Hybrids of DNA and carbon nanotubes (DNA-CNT hybrids) are one of several candidates for nanobiodevices. Hybrids of single-stranded DNA (ssDNA) and single-walled carbon nanotubes (SWNT) have attracted particular interest and have been intensively studied by many research groups. Structural models of ssDNA-SWNT hybrids have been also proposed based on experimental observations; however, several structural and functional characteristics of ssDNA-SWNT remain unknown. For example, although mixtures of ssDNA and SWNT are sonicated to achieve hybridization, the effects of sonication on the biological functions of ssDNA-SWNT are not well understood. Further, hybrids of double-stranded DNA (dsDNA) and SWNT have not been well studied.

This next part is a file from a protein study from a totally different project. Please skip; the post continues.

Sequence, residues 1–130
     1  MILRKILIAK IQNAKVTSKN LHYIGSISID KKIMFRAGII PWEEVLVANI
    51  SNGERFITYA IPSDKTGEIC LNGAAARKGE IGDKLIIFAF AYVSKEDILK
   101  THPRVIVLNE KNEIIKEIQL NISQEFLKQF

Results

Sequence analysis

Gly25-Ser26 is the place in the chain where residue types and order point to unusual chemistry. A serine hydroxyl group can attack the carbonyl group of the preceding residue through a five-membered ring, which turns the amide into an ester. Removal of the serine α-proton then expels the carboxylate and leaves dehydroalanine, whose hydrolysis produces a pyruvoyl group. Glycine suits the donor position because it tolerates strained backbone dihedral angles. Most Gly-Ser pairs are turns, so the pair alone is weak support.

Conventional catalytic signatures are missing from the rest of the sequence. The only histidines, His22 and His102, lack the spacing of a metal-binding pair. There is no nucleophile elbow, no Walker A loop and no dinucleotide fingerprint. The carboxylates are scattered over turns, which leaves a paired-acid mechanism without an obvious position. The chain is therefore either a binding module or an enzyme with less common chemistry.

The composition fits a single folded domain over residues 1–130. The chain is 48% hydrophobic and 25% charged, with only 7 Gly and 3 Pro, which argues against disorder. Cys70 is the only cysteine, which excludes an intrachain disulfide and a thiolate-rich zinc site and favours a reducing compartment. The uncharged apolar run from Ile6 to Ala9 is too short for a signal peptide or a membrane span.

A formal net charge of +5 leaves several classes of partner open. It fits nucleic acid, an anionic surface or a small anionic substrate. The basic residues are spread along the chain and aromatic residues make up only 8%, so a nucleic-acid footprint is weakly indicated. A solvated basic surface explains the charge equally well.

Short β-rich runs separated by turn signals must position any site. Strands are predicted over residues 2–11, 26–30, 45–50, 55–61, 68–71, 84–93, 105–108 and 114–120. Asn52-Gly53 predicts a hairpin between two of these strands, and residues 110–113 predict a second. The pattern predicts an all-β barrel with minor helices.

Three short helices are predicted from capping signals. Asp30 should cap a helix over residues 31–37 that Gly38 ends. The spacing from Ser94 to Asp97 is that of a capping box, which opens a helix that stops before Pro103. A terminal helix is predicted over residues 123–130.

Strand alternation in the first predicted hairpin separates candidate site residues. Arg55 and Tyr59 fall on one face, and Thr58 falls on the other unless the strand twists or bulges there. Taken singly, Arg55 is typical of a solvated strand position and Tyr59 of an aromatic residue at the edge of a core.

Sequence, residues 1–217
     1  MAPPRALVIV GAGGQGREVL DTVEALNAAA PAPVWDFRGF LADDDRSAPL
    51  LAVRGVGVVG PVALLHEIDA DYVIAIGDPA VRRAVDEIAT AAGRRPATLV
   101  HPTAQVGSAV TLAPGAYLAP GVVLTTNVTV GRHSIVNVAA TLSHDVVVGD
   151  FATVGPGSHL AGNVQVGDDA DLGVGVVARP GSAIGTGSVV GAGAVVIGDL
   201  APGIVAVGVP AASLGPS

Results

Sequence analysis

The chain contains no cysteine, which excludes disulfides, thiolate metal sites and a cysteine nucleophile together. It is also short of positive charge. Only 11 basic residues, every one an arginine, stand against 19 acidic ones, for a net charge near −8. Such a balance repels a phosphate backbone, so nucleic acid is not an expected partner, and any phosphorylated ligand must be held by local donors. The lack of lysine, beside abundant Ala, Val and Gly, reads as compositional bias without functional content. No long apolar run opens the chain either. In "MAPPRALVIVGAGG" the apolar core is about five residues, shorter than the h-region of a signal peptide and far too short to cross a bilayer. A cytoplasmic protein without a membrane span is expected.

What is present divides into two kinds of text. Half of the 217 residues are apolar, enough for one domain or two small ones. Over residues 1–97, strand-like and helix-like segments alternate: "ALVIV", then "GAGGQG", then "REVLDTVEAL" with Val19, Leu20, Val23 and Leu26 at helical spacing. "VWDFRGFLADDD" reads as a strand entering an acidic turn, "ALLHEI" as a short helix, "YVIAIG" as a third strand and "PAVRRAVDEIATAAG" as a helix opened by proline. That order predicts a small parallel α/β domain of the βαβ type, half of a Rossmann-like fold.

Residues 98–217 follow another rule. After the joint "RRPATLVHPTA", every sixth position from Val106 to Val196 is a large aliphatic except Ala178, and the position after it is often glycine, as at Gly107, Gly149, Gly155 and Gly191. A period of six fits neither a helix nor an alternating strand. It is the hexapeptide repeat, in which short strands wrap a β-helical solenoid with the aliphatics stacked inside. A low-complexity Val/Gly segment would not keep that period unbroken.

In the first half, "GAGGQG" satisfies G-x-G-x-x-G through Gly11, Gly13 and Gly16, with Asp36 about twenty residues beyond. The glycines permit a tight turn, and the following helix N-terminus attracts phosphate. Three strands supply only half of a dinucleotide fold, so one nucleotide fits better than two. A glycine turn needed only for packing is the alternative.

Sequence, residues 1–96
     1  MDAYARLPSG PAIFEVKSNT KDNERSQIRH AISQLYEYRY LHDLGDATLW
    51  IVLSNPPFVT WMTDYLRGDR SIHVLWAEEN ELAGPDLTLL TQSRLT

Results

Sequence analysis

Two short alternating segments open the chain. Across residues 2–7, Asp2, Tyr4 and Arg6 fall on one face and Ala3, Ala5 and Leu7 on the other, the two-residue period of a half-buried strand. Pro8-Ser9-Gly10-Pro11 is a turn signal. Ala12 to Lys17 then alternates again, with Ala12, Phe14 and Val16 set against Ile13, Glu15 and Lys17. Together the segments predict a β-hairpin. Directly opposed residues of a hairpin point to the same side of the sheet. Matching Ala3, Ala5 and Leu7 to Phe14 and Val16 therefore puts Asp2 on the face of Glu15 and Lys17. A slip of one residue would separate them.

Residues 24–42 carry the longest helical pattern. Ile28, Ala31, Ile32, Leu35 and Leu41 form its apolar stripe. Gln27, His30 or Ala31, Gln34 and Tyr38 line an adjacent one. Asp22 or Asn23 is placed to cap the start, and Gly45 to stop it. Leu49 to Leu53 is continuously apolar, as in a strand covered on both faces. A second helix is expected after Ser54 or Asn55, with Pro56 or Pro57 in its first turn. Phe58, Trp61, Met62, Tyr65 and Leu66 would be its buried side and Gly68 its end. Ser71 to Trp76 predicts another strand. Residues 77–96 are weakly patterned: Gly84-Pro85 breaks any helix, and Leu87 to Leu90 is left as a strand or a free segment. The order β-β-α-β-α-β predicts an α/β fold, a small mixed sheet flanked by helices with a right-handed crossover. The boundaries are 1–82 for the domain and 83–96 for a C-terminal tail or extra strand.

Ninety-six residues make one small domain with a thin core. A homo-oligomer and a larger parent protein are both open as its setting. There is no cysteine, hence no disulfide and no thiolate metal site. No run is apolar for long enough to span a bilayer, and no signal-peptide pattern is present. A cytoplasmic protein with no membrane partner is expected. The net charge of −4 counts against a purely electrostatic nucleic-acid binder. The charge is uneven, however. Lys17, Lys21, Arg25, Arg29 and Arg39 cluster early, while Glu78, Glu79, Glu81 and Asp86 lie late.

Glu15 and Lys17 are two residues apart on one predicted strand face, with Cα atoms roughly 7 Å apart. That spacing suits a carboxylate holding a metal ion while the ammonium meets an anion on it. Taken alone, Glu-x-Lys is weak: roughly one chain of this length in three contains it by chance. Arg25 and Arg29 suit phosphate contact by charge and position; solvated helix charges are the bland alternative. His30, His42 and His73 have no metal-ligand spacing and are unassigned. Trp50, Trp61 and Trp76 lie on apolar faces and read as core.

In this study, we examined functions of ssDNA and dsDNA molecules adhered on SWNT surfaces. We used single-stranded binding (SSB) proteins to verify hybrid formation, as SSB distinguish ssDNA from dsDNA: binding of the SSB proteins to ssDNA-SWNT hybrids rather than dsDNA-SWNT hybrids guarantees the biological functions of ssDNA and dsDNA molecules on SWNT surfaces.
ssDNA-SWNT hybrids and dsDNA-SWNT hybrids were reacted with SSB proteins under various mixing ratios. We optimized an agarose gel electrophoresis procedure to monitor the locations of DNA, SWNT, and SSB proteins. Electrophoresis clearly indicated selective binding of SSB proteins only to ssDNA-SWNT hybrids. Limited binding to dsDNA-SWNT was observed only at very high concentrations of SSB. Atomic force microscopy also supported this conclusion. Our results provide support for the biological application of DNA-CNT hybrids.